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Drug Under – Forgive and Forget (Review)

Drug Under – Forgive and Forget (2012, Down Boy Records)

1.  Forgive and Forget
2. I Need To See
3. Borrowed Time
3. Never Again
5. Echoes
6. Down
7. Change My Ways
8. All The Lies
9. It’s Over

Romero – Vocals
Eric Greenwall – Guitars
Pat Searcy – Guitars
Aaron Greenwall – Bass
Mike Crisler – Drums

Producer: Mark Obermeyer, Jerry Dixon & Erik Turner

Never judge a book (or album) by its cover! When this Denver, CO.-based band was first brought to my attention, going by the cover art and knowing that the label is owned and operated by Warrant’s Jerry Dixon & Erik Turner, I assumed Drug Under was going to be the type of hard rock act that drew heavily on ’80s influences. Not so. They are a modern hard rock/metal act that fits right in with the rest of the bands on active rock radio these days.

I can’t say this type of rock that features an alternative influence and crunchy guitars is a favorite of mine but Drug Under has their moments where they really shine. “I Need To See” and “Never Again” have the most commercial appeal, I think, and are my favorites. Very cool songs that should be on radio. “Forgive and Forget”, “Borrowed Time” & “Echoes” all have enough of a hard driving edge to keep those that just want to bang their heads satisfied. “All The Lies” and “It’s Over” are of particular interest to me. There’s some nice melodies in the melancholy moments of both of these rockers that show potential for this band to write some great ballads later down the line.

Forgive and Forget is an album sure to appeal to fans of the modern rock/metal scene and ’90s rock/metal. While I am not going to say that Drug Under knocked it out of the park on this release, it’s still an enjoyable listen that shows this is a talented band that has a bright future.

Highlights: “I Need To See”, “Never Again”, “Change My Ways”, “All The Lies”, “It’s Over”

Buy ‘Forgive And Forget’ at

Warrant – Rockaholic

Warrant – Rockaholic (2011, Frontiers Records)

1. Sex Ain’t Love … 3:57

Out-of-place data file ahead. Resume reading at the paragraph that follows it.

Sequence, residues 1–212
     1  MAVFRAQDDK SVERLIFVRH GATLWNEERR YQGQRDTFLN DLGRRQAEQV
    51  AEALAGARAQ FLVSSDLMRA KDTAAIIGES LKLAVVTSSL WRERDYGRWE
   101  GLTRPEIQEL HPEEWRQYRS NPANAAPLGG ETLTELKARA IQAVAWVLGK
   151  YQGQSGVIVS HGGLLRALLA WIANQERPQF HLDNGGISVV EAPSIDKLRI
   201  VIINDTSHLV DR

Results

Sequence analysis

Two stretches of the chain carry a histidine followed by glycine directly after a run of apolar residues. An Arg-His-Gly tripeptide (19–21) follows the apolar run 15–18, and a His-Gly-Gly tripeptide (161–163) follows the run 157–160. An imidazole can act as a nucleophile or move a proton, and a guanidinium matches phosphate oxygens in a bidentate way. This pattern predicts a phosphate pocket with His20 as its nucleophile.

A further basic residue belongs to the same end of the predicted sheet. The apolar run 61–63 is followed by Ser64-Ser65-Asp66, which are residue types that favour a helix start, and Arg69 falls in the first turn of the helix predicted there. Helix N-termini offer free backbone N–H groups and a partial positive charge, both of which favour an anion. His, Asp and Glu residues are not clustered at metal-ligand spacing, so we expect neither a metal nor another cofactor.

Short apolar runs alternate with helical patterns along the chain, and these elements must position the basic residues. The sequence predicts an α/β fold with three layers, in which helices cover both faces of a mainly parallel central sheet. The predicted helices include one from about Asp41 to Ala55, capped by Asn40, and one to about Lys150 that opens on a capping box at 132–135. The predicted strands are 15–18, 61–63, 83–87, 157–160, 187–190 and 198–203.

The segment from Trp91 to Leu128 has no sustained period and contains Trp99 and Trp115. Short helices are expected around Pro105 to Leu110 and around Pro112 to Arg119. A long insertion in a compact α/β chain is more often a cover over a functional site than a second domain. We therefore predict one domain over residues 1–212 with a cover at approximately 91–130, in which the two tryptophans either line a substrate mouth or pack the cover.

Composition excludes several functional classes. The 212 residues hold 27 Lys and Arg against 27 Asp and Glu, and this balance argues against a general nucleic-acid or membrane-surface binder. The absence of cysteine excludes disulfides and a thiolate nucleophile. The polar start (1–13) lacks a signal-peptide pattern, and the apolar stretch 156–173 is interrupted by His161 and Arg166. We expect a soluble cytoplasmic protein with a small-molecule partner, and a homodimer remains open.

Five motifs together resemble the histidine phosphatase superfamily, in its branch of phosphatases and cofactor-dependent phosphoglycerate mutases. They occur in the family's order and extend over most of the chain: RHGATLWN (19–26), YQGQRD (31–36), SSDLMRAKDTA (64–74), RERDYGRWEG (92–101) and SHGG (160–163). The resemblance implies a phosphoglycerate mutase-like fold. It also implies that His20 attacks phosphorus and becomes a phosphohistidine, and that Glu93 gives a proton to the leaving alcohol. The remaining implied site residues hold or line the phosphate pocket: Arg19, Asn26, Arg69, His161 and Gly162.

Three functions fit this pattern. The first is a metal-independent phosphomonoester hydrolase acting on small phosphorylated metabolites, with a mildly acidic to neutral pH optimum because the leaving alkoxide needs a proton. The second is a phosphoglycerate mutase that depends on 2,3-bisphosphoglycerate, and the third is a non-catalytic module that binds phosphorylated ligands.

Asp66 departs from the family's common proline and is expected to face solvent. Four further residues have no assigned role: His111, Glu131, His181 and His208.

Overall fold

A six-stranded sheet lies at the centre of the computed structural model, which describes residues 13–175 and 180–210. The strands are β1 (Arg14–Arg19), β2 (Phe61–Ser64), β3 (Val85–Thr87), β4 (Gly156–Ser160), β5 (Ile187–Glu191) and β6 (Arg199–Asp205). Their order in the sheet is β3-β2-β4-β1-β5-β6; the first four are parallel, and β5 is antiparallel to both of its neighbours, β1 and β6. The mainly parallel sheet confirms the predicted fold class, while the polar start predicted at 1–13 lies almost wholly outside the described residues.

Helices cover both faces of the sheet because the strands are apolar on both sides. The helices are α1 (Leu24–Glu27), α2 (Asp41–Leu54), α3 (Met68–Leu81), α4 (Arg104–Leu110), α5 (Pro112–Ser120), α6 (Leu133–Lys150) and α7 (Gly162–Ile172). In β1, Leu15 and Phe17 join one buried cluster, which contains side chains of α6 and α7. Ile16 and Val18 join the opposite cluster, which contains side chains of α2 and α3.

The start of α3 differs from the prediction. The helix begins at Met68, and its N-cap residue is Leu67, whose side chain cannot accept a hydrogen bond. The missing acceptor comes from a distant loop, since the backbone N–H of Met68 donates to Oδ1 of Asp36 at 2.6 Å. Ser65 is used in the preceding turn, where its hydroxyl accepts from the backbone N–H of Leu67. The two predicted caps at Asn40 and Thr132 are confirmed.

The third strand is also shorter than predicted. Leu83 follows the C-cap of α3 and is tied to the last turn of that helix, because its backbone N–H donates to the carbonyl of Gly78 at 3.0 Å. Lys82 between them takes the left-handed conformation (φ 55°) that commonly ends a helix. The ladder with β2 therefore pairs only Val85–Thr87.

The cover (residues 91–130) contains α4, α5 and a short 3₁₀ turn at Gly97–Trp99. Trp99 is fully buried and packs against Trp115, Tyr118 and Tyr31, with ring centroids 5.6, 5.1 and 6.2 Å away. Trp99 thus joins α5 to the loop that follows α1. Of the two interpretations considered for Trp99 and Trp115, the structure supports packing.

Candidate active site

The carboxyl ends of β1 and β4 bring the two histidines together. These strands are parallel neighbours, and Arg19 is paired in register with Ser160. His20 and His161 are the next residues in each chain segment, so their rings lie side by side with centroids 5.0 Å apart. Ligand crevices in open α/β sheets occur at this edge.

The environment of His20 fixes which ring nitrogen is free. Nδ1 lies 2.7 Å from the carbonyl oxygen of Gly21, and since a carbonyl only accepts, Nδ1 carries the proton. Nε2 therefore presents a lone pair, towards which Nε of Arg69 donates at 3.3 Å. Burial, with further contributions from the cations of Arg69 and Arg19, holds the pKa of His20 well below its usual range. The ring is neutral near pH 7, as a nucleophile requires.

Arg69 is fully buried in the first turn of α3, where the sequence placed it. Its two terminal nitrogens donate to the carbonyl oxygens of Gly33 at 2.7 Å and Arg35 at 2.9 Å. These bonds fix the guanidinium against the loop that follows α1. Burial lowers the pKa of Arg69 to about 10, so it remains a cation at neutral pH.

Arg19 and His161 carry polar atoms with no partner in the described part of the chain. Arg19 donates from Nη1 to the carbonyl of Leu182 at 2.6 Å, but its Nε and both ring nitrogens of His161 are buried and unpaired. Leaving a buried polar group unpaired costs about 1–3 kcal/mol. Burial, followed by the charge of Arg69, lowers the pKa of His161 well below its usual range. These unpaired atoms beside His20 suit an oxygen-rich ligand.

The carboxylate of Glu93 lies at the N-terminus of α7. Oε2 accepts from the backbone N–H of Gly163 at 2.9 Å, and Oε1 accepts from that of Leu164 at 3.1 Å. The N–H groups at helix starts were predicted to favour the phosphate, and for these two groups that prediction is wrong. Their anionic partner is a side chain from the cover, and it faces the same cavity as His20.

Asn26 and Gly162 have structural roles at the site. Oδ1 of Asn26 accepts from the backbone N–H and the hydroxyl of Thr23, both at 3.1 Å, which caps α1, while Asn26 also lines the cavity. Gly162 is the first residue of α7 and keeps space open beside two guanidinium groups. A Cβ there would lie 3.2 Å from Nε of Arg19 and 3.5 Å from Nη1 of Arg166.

2. Innocence Gone … 3:40
3. Snake … 3:44
4. Dusty’s Revenge … 4:26
5. Home … 3:28
6. What Love Can Do … 4:19
7. Life’s A Song … 4:10
8. Show Must Go On … 2:48
9. Cocaine Freight Train … 3:04
10. Found Forever … 4:15
11. Candy Man … 4:05
12. Sunshine … 3:54
13. Tears In The City … 3:35
14. The Last Straw … 4:14

Robert Mason – Lead Vocals
Erik Turner – Guitar, Backing Vocals
Jerry Dixon – Bass, Backing Vocals
Joey Allen – Guitar, Backing Vocals
Steven Sweet – Drums, Backing Vocals

Producer: Keith Olsen

So there’s a new Warrant album and yet again Jani Lane is missing. Jani briefly rejoined the band in 2008 (sending Jaime St. James back to Black ‘N Blue) but now Big Cock/ex-Lynch Mob vocalist Robert Mason has been with them for the last four years playing live shows and finally that relationship has paid off in the form of a studio album.

The loose rock ‘n’ roll feel from 2006’s Born Again has been polished up on Rockaholic but like that album, it doesn’t really sound all that much like Warrant. This is not an album I think the band would have or could have written with Jani. That isn’t a knock on Jani Lane, the band or Robert Mason. It’s just different chemistry. Janie was a great thoughtful lyricist who excelled at ballads, with Robert Mason the band just wants to rock. They don’t try to repeat the past and make an “eighties album” or “Warrant-sounding” songs with one exception: I felt a bit of an old school Warrant vibe on “Life’s A Song”.

If anything, I think the album sounds like Lynch Mob. It’s just so hard to wrap my head around anything as being Warrant without Jani on vocals. Luckily, that has deterred NOT me from enjoying Rockaholic. Robert Mason sings his butt off on this album and proves once again why he is one of the best vocalists in rock right now. He doesn’t try to sing like Jani, he’s just being himself and kudos for that! It’s easy to say Mason is the best singer Warrant has ever had.

But how does this album compare to the band’s early releases? Pretty well, I must say. Though I was really looking to this release, I wasn’t sure how it was going to sound and I have to say that the album is great! Anyone who is a fan of ’80s rock/metal will should love this album. It has that whole vibe while still sounding fresh and relevant. You want rockers? You’ve got “Sex Ain’t Love”, the defiant “The Last Straw”, “Show Must Go On”, the fantastic and sex-charged “Cocaine Freight Train” (which I think may be one of my favorite Warrant songs… ever) and the cowboy rocker “Dusty’s Revenge”. You want ballads? There’s “Home” (another real standout), “What Love Can Do”, “Tears In The City” and “Found Forever”.